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Tiffen Arms to Pro Socket Blocks


Ryan Toussieng
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Victor, I just went to a shop local to me here in CT. I'm sure any shop could do it.

 

Alec, I had a long discussion with the machinist about any weakening that might occur. He assured me there was so little that needed to be taken off, the change in strength would be essentially zero.

 

In fact, if there's concerns about strength, you can equally compromise the male pin if you try to sand it down yourself and it's not done evenly.

 

In both cases, the actual measurable compromise that's occurred is negligible. I vote for modifying the female end, just in case you ever need to use any other arm.

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On the flip side, 10 years ago when I bought my PRO arm I was told I would probably "need" to buy a pro socket block for the model 2 vest I used.

 

So I did.

 

Truth be told, the pro arm worked fine on that model2 vest's socket block.

 

Go figure.

 

Rich

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Jerry,

 

Fair enough…. My point was that there is no one trying to sabotoige anyone else here (so no justification for conspiracey theories). It made sense to me that tolerances were not as refined back in the beginging so I decided to opt for throwing the company that no longer exists under the bus rather than point fingers at the current reigning chanmpions.

 

Afton, I agree it is a trivial amount; I was just cautioning to be careful with Titanium (versus Steel and Aluminum). If you can file Titanium too, please state so as I know that it is strong in certain regards, yet brtittle.

 

Oh, and I would also add that I would not be the least bit surprised if the socket block PRO measured was pre-1986 as it likely was an arm that belonged to George Paddock, Chris Haarhoff, Dave Emmerichs or one of those original folks who had already been at the game a long time before they built the PRO arm (and if you recall CP was not selling indiviudal parts to these guys then).

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Afton, I agree it is a trivial amount; I was just cautioning to be careful with Titanium (versus Steel and Aluminum). If you can file Titanium too, please state so as I know that it is strong in certain regards, yet brtittle.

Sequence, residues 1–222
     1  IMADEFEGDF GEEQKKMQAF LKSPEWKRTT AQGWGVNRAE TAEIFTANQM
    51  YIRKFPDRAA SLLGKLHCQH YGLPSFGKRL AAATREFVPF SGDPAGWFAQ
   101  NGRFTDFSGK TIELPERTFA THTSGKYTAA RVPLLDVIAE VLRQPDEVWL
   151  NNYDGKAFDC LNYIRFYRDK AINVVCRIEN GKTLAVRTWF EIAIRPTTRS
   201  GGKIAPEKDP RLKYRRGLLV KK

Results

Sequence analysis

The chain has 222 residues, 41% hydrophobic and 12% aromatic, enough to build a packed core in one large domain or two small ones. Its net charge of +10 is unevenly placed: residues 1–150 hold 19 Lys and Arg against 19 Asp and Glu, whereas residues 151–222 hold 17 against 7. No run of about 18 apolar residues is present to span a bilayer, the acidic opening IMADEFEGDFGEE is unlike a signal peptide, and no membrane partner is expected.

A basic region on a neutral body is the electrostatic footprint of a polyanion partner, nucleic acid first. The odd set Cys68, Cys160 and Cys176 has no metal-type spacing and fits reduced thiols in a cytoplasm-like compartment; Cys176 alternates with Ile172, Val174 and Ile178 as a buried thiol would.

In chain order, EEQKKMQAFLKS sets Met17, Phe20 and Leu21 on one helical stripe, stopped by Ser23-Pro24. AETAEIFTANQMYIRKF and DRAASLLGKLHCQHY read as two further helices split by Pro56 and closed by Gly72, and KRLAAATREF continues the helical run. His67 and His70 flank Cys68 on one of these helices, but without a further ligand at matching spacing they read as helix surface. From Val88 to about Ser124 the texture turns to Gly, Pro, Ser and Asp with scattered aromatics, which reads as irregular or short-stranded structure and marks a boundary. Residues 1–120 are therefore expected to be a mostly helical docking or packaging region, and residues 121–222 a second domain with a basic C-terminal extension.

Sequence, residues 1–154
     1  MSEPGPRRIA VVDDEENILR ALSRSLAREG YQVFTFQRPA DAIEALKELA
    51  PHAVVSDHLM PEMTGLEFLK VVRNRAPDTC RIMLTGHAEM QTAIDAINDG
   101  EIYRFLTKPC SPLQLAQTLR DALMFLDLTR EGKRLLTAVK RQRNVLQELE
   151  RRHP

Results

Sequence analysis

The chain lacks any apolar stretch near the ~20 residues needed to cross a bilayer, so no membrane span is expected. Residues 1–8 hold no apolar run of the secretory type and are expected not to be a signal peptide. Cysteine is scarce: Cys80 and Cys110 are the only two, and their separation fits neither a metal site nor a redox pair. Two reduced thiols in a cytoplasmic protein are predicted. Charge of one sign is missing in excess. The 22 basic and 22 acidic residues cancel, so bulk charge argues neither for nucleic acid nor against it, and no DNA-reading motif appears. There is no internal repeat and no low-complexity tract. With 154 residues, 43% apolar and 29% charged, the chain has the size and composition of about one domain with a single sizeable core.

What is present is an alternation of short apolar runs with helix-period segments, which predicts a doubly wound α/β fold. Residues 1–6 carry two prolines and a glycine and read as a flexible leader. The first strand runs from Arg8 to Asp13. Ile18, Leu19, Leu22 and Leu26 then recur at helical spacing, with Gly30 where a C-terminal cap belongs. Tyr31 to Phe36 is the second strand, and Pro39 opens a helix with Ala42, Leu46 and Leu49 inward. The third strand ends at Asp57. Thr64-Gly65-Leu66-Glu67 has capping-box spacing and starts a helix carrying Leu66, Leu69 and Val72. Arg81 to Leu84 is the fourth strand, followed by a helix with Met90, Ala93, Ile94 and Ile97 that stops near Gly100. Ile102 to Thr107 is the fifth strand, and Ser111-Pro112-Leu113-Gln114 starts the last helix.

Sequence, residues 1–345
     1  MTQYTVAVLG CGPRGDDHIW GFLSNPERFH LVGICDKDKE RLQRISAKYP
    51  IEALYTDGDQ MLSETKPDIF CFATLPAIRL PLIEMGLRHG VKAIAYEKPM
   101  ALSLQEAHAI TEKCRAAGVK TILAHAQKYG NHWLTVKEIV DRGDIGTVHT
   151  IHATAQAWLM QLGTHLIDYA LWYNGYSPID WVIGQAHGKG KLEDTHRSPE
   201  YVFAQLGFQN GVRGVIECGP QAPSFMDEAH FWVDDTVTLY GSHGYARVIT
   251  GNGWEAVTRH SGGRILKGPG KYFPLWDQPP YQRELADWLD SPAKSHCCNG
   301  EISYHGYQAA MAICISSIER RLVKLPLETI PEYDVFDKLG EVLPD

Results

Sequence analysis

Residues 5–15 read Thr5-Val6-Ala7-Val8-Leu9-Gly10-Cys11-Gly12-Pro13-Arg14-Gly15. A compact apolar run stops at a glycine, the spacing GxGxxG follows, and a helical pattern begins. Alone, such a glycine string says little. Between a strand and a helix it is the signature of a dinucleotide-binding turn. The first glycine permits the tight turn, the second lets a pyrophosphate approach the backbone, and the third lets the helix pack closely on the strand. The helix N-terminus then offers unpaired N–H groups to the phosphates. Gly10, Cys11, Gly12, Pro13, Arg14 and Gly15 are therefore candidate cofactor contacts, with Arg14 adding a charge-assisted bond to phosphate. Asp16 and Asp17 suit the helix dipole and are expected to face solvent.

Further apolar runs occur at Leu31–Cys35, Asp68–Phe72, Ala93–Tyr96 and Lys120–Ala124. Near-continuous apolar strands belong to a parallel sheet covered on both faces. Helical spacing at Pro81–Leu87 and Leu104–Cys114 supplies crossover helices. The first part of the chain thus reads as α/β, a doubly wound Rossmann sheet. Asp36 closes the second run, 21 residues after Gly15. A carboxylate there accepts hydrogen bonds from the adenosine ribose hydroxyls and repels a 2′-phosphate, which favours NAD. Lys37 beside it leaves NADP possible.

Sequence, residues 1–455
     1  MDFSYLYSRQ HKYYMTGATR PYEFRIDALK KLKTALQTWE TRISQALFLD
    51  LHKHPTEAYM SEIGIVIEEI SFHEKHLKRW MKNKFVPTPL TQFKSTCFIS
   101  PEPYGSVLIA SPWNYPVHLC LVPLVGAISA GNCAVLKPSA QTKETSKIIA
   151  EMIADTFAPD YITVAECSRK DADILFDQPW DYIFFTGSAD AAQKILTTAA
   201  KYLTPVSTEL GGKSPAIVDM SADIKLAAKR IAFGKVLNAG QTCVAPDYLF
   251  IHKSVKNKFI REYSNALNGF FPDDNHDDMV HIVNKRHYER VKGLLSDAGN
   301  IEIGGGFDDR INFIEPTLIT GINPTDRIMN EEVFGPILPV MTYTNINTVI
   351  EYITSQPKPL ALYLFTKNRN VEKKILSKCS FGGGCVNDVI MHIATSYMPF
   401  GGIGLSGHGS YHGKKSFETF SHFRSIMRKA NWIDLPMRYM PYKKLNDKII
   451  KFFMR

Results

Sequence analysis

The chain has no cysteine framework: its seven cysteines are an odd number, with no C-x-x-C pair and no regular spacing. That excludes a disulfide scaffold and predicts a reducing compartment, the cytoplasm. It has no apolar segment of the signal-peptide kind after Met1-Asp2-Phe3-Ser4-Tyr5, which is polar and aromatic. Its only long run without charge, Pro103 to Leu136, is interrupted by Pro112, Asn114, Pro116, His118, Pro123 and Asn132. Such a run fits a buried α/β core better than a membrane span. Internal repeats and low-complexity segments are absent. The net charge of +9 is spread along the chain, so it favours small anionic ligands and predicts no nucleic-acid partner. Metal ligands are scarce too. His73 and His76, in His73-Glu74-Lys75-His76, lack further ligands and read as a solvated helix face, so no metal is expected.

Yeah, I certainly wouldn't consider going at this myself with a file by any means, but there exist readily available tools that will scratch titanium. $60 was well worth it to know it was done with the right tools by professionals. Also, my machinist seemed much more eager to machine the titanium socket block than he was to machine the hardened steel pin block. I can only guess this had something to do with the heat generated by the CNC process - and the machinist not wanting to remove the hardness from the block. This should be something seriously considered if anybody is going to try this themselves with power tools. Too much heat will permanently soften the steel block, requiring it to undergo the hardening process again.

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Victor, Jack didn't change the prints on the socket block.

 

Back when I bought my 3A arm the socket block was .008 ( keep in mind a human hair is roughly .003 to .004, so we're not talking about a whole hell of a lot extra metal here) over the size of the PRO female socket block. I took some 220 grit cloth to the boss on the male socket block to get it to the PRO socket block ID. When I got it so it fit very snugly I hit it with some 600 grit cloth for the final passes to clean up any marks left by the heavier grit. Took about ten minutes. Cut the cloth in a 1" x 12" strip wrap it around the boss on the male socket block and pull it back and forth continuously in a clockwise fashion until you have gone 360 degrees, then go back the other way 360 degrees (i know, there are many jokes in here for Ron to capitalize on). We do this at the shop, (at least when we were in Valencia) for customers who bought our vest and still had Tiffen arms. Keep a dial vermeer caliper nearby when doing this and test the boss frequently while sanding so you know when you are getting close to matching the ID of the PRO female socket block. When the two parts almost mate ditch the calipers and take a couple more passes with the sandpaper and try another test fit or two, until you get the fit you desire.

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